Orland Park will nearly double its bond debt to finance a 295-unit luxury apartment complex, though staff says money from the Tax Increment Finance district, home rule sales tax and from the complex's renters will keep property taxes from being affected.
The $63,348,138 million needed to fund the Ninety 7 Fifty On the Park project will include a $38 million loan to developer Flaherty and Collins.
The loan is scheduled to be repaid over 10 years as a mortgage. At the end of 10 years, the balance is due in full.
The remaining project money, about $24 million, will be considered an incentive package that must be repaid to the village. In 10 years, the entire property will be assessed. If the property is not valued high enough to generate that $24 million, the village will remain lease holders on the property and Flaherty and Collins will continue to compensate the village for up to 10 more years.
Orland Park will set a line of credit with a bank of about $30 million to start paying the project costs, and when spending on that credit reaches about $15 million, the village will issue between $20 million to $25 million in general obligation bonds.
When spending on the credit line reaches about another $15 million, the village will again issue between $20 million to $25 million in bonds.
These additional bonds will nearly double the village’s debt, which is now at about $79 million.
The village says it will not push the cost of the debt onto village property owners through taxes, however. Annual abatements, as well as money coming from the apartment complex itself, TIF money and home rule sales tax money, will cover the cost, said Orland Park Finance Director Annmarie Mampe during a press conference Wednesday morning.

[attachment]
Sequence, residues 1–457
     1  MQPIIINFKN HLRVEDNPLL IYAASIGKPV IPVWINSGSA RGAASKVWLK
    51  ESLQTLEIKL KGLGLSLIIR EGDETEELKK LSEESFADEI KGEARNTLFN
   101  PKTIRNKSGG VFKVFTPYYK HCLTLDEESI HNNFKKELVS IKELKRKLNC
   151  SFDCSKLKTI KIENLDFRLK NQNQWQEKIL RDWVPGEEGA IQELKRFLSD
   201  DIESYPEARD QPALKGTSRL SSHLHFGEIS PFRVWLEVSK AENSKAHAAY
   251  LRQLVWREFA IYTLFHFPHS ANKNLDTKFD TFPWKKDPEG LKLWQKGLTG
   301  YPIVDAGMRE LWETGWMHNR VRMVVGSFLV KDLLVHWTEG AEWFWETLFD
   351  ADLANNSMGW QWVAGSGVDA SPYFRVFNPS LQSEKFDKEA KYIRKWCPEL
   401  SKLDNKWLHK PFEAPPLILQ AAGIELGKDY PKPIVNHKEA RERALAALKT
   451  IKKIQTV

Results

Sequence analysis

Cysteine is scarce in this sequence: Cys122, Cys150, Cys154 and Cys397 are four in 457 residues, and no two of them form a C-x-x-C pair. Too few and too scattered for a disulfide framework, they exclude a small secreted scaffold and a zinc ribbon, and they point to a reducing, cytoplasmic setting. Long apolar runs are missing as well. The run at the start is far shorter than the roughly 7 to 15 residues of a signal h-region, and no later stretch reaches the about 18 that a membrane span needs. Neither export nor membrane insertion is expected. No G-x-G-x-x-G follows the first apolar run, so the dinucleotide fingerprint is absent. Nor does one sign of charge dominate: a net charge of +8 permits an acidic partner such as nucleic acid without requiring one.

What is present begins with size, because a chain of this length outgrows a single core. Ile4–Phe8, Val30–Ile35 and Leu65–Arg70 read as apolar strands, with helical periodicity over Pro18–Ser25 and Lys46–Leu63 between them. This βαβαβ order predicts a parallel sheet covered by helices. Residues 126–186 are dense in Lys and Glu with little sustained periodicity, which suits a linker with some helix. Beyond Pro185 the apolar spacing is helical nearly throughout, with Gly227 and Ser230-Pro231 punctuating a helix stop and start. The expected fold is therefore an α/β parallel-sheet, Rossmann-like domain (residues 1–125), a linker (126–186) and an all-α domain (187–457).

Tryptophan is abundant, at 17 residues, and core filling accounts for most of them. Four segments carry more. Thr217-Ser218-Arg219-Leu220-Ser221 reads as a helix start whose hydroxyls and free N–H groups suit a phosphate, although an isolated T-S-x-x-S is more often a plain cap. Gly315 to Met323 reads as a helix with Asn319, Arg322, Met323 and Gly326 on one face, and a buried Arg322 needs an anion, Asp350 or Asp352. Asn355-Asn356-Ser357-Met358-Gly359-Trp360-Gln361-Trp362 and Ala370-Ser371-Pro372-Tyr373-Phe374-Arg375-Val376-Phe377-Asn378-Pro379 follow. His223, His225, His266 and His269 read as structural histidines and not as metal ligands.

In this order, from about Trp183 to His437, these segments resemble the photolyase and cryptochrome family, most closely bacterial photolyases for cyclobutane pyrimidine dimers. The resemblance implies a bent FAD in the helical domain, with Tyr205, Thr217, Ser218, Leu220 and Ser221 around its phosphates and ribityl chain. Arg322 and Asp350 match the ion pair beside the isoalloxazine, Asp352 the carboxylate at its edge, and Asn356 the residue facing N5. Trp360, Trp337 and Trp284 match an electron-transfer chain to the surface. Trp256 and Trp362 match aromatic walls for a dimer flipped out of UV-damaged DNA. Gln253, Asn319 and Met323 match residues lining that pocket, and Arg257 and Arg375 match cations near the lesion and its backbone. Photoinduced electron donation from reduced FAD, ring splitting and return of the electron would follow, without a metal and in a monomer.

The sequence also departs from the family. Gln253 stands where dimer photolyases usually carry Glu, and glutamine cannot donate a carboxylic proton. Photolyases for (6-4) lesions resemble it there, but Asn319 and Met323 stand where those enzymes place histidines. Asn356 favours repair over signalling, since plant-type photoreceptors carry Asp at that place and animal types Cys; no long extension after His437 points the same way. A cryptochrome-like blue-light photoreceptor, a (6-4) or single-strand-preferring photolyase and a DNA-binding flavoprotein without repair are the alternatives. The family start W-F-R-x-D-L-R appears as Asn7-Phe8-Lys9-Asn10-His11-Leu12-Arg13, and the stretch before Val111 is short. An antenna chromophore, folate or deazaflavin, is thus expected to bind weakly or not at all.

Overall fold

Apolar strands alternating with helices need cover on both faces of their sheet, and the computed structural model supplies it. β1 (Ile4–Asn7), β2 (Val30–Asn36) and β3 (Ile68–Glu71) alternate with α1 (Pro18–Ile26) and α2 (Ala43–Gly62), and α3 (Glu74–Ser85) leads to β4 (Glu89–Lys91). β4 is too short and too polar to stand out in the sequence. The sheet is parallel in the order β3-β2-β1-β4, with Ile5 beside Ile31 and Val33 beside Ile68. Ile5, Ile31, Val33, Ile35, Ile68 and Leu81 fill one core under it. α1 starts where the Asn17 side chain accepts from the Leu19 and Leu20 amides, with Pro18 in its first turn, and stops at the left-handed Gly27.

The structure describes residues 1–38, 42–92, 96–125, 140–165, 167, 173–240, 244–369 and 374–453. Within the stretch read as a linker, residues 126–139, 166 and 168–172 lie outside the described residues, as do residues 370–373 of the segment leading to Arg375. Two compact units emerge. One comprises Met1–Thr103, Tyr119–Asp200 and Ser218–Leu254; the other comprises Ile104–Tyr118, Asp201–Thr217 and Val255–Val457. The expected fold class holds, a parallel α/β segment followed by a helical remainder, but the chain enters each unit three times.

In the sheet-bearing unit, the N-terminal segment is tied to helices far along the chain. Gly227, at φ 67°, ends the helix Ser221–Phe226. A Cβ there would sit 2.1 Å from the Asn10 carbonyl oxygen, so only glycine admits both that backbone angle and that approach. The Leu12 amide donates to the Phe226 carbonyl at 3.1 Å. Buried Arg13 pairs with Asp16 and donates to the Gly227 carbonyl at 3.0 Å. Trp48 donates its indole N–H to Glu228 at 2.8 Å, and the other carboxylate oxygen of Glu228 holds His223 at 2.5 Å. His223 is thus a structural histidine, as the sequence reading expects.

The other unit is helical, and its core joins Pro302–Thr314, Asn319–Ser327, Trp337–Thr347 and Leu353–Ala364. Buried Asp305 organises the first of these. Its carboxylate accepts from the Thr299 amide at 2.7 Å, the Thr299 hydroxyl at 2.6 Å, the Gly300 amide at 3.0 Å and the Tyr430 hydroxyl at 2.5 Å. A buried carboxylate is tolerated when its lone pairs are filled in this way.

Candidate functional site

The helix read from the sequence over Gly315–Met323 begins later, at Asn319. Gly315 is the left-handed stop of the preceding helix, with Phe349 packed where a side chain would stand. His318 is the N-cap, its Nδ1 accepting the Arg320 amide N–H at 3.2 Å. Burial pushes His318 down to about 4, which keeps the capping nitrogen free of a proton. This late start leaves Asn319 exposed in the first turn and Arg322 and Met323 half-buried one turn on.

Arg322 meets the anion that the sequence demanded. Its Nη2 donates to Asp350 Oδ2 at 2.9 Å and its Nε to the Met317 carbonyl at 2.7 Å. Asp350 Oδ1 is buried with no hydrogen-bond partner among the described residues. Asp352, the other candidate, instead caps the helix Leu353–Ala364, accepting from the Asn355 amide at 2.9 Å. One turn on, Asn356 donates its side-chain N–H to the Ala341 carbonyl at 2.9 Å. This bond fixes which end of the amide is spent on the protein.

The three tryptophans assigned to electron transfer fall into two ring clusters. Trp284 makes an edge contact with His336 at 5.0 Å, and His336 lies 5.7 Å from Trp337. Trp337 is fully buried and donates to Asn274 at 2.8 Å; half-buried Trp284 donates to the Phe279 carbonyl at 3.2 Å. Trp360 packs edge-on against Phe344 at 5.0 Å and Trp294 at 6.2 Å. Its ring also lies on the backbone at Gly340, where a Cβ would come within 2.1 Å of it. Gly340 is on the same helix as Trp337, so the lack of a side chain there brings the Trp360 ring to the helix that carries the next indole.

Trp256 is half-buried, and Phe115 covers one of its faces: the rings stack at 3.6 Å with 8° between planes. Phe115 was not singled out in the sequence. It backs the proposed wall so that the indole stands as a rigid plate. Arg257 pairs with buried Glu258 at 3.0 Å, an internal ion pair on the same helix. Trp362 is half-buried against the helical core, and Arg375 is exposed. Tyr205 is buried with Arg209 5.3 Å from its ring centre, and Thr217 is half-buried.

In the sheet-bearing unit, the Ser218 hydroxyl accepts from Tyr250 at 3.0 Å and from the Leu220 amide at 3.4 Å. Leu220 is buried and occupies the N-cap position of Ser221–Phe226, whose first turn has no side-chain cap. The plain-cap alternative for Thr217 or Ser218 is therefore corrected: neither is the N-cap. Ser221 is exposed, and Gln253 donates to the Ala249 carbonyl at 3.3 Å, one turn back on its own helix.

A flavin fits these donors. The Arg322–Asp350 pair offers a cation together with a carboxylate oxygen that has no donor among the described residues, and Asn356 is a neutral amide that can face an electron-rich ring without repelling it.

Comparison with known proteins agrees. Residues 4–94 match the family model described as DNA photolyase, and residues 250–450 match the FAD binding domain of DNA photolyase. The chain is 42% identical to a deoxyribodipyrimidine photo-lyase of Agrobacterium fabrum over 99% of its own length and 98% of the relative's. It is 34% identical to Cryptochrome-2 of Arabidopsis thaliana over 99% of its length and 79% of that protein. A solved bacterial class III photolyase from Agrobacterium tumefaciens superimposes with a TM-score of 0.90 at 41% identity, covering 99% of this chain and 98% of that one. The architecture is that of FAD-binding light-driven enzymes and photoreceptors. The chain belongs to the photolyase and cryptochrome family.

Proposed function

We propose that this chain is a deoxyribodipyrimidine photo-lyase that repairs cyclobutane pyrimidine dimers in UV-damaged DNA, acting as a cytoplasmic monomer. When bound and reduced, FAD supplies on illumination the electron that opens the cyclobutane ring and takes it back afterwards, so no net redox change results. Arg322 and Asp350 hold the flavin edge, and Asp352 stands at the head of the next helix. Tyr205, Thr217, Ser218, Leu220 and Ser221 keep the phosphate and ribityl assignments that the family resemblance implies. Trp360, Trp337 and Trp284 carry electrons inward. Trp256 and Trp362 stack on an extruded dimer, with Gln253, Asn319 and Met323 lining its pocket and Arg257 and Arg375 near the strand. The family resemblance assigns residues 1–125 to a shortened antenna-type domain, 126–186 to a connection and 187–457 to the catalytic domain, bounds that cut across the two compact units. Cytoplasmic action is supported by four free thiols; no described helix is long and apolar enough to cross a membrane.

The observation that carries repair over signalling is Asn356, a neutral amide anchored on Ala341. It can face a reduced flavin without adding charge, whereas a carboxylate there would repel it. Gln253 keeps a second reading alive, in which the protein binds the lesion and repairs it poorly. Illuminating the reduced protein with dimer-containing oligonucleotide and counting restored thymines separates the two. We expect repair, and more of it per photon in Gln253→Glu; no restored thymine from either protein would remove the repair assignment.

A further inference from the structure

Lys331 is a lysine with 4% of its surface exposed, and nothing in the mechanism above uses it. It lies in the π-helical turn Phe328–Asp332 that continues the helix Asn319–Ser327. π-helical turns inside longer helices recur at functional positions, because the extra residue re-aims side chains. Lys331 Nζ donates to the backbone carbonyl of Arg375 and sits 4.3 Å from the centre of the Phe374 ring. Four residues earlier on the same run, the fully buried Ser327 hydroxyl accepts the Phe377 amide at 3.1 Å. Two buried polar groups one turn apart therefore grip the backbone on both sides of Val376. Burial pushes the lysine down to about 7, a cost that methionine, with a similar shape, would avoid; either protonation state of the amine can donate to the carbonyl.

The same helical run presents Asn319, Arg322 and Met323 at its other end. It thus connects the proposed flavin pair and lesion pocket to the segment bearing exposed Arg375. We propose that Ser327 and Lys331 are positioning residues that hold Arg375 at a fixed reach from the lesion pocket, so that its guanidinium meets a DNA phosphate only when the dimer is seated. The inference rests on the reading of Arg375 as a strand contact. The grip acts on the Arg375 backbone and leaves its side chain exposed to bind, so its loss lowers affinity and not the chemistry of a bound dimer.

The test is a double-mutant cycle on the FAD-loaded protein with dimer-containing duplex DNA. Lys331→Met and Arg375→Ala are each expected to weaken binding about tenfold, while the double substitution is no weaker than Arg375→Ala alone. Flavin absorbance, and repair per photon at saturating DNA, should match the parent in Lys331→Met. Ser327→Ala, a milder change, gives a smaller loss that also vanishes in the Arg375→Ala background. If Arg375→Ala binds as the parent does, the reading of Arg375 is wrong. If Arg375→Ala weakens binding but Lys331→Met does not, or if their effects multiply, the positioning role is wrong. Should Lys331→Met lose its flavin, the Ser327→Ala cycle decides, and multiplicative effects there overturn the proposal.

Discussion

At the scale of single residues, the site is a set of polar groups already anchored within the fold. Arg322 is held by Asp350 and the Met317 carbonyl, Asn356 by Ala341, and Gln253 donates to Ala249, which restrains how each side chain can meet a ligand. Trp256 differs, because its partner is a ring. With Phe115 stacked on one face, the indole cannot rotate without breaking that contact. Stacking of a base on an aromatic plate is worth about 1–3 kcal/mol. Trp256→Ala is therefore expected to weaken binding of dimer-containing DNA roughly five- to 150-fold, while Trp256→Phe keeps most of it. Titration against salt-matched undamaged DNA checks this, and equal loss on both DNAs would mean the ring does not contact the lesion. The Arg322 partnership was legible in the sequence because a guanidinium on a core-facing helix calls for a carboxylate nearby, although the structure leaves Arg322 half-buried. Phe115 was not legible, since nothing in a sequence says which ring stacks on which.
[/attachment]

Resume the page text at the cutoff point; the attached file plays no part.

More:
“We have no reason to believe project revenues, increment and home sales tax, if necessary, aren’t sufficient to cover the costs of those bonds,” Village Manager Paul Grimes said during the conference.
But this project is not without risk.
“You’re asking me hypothetical, and I’m not going to give you a guarantee on anything,” Grimes said in response to SouthtownStar columnist Phil Kadner’s question whether taxpayers will never be at risk. “Every (general obligation bond) issue in America is pledged to the full faith and credit of the community. That’s a fact of life. This isn’t any different. That said, we’ve strapped this deal with belts and suspenders to ensure there is no impact on taxpayers.”
Orland Park’s village board is expected to vote on the development agreement on Sept. 6. Construction is expected to begin in early October with the board’s blessing, said Flaherty and Collins CEO David Flaherty. While building the entire complex is expected to take about three years, enough units should be built 14 months into the construction that lease-holders could begin moving in then, Flaherty said.
Money from the TIF district, which is expected to net about $650,000 a year, should start arriving in 2015, Mampe said.
Orland Park’s strong credit rating of Aa1 according to Moody’s and AA+ from Standard and Poor’s allows for the village to take out more bonds and still hold a strong rating, said Kevin McCanna, president of Speer Financial, Inc.
The village’s debt ratio, which is a comparison of debt to equalized assessed value, without this project is at about 2.85 percent, and with the project it would go up to about 5.5 percent. Orland Park has a debt ratio limit policy of no higher than 8.625 percent.
A public forum will take place at 6 p.m. Monday, Aug. 29, at the William Vogel Civic Center to discuss the apartment complex deal.